Distribution: Anhui, Henan, Zhejiang (endemic species in China).
Flowering: (June–) July–August (–September).
Etymology: The specific epithet is derived from L. maximowiczii because of its rough resemblance.
Diagnosis: Lespedeza pseudomaximowiczii resembles L. maximowiczii in outward appearance, but differs in the petals with long claw and buds (terete, and spirally arranged scales), and in the pubescence on the upper surface of the leaflets. Lespedeza thunbergii subsp. formosa, is also similar to the L. pseudomaximowiczii, based on the shape and pubescence of the leaflets and shape of calyx lobes, but differs in flower size (ca. 14 mm long) and ratios of claw to lamina length in the petals (wing, ca. 1:2.2; keel, ca. 1:2.6). Even though wing and keel petals of L. bicolor shows similar ratios of claw and lamina lengths (wing, ca. 1:1.5; keel, ca. 1:1.5), its leaflets (glabrous on upper surface, and usually obtuse at apex) and standard petal with attenuated base are distinct from those of L. pseudomaximowiczii.
Additional specimens examined: CHINA. Anhui: Chizhou, Qingyang, Jiuhua Mt., 9 Aug 1934, C. S. Fan & Y. Y. Li 168 (NAS); Huangshan, 4 Oct 1933, M. Chen 1251 (PE); Huangshan, 28 Aug 1935, T. N. Liou & P. C. Tsoong 3105 (PE); Huangshan, 4 Oct 1955, M. J. Wang 3668 (PE); Huangshan, 12 Aug 1973, Huangshan team 404 (PE); Huangshan, Yunkusze to Shihszelin, 12 Aug 1935, T. N. Liou & P. C. Tsoong 2619 (PE); Huangshan, Yixian, Hongtanxiang, 9 Aug 2006, W. Liu et al. A130134 (KUN); Huangshan, Huang Mt., 30 Jul 2013, B. Xu 2013-99 (IUI). Henan: Luanchuan, 23 Sep 2012, J.M. Li 2012-0923 (PE); Luoyang, Luanchuan, Laojun Mt., 3 Aug 1935, K. M. Lion 4864 (PE); Luoyang, Luanchuan, Laojun Mt., 18 Jul 2005, W. Liu et al. H40023 (PE); Luoyang, Luanchuan, Shifangyuan, 23 Aug 1960, Henan team 2059 (PE); Luoyang, Songxian, Huangbaicun, 8 Sep 1956, Henan Forestry Department 735 (PE); Luoyang, Songxian, Longchiman, 15 Aug 1959, Anonymous 34736 (PE); Luoyang, Songxian, Yujiagou, 22 Aug 1960, K. J. Guan & T. L. Dai 1842 (PE); Nanyang, Tongbai, 16 Aug 1956, Henan Forestry Department 438 (PE); Nanyang, Xixia, Longtangou, 26 Jul 1960, Henan team 1299 (PE); Xinyang, Jigong Mt., 11 Aug 1956, X. Q. Zhang 20150 (PE); Xinyang, Jigong Mt., 12 Aug 2013, B. Xu 2013-265 (IUI). Jiangsu: Zhenjiang, Jurong, Baohua Mt., 18 Jun 1964, S. L. Chen 44 (PE); Wuxi, Yixing, Longchishan Scenic Area, Z. Fang et al. 4 (PE). Jiangxi: Jiujiang, Xiushui, Maozhu Mt., 11 Oct 1989, S. F. Liu 89029 (NAS). Zhejiang: Hangzhou, Chunan, 27 Aug 1978, L. Hong s.n. (HHBG); Hangzhou, Linan, 22 Aug 1957, X. Y. He 26355 (PE); Hangzhou, Linan, 21 Sep 1958, T. N. Liou 30412 (PE); Hangzhou, Linan, 10 Oct 1958, Anonymous 30627 (PE); Hangzhou, Linan, West Tianmu Mt., 27 Jul 1930, T. N. Liou 270 (PE); Hangzhou, Linan, West Tianmu Mt., 25 Jul 1975, K. J. Guan 75446 (PE); Hangzhou, Linan, West Tianmu Mt., 29 Aug 1959, Anonymous 29298 (PE); Hangzhou, Linan, Shunxiwu, 15 Sep 1958, K. J. Guan 30329 (PE); Hangzhou, Linan, Yunxiwu Bridge, 8 Sep 1957, Anonymous 26552 (PE).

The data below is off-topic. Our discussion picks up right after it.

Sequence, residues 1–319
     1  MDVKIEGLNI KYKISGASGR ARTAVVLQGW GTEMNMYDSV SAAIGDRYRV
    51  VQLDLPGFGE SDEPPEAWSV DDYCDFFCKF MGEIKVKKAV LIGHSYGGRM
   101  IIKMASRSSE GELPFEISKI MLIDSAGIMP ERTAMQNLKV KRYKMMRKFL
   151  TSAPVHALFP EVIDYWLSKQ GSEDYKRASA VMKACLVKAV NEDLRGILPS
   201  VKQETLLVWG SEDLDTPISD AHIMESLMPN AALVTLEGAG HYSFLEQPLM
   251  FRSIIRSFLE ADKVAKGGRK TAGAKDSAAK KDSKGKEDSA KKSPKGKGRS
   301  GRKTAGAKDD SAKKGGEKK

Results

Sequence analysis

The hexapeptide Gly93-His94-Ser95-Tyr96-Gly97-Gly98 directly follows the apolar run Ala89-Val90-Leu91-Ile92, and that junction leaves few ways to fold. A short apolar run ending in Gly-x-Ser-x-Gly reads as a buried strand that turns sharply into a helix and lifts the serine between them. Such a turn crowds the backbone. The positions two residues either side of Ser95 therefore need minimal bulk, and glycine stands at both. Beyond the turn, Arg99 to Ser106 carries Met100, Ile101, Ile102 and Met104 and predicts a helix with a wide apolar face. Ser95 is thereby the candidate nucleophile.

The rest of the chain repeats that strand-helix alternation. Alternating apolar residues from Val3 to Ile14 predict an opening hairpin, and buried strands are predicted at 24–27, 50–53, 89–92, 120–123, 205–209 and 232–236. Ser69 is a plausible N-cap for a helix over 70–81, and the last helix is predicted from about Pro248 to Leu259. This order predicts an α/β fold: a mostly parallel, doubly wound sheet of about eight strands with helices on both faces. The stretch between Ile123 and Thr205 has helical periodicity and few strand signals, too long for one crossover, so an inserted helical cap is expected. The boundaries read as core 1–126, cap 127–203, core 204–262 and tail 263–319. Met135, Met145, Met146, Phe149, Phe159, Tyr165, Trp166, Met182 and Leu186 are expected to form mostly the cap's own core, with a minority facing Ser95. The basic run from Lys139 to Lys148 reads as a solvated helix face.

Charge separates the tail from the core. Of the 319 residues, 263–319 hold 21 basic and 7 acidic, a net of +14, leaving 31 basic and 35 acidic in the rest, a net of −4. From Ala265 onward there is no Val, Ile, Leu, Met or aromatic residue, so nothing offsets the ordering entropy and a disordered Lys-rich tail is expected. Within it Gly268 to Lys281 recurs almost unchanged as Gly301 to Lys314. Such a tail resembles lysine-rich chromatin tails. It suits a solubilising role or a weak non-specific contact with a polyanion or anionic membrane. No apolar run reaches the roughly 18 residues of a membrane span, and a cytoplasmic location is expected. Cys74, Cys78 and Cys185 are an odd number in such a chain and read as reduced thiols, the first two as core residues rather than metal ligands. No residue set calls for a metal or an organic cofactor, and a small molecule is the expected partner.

The authors are grateful to Prof. X.Y. Zhu and curators of the KH and PE herbaria for permitting examinations of specimens. We also thank colleagues J.S. Park and J.W. Park for commenting on this manuscript and editing the figures. This work was supported by the National Research Foundation of Korea (NRF) (No. NRF– 2018R1D1A1B07043030).


Conflict of Interest
Authors declare that there are no conflicts of interest.

Fig. 1.
Comparison of morphological traits between typical Lespedeza maximowiczii and Chinese plant, named L. pseudomaximowiczii. A. Korean L. maximowiczii. B. L. pseudomaximowiczii. a, bud; b, hairs on leaflet; c, standard petal; d, wing petal; e, keel petal; f, calyx; g, flower.
Fig. 2.
ΔK statistics versus number of clusters (K), as calculated based on Bayesian clustering analysis using STRUCTURE.
Fig. 3.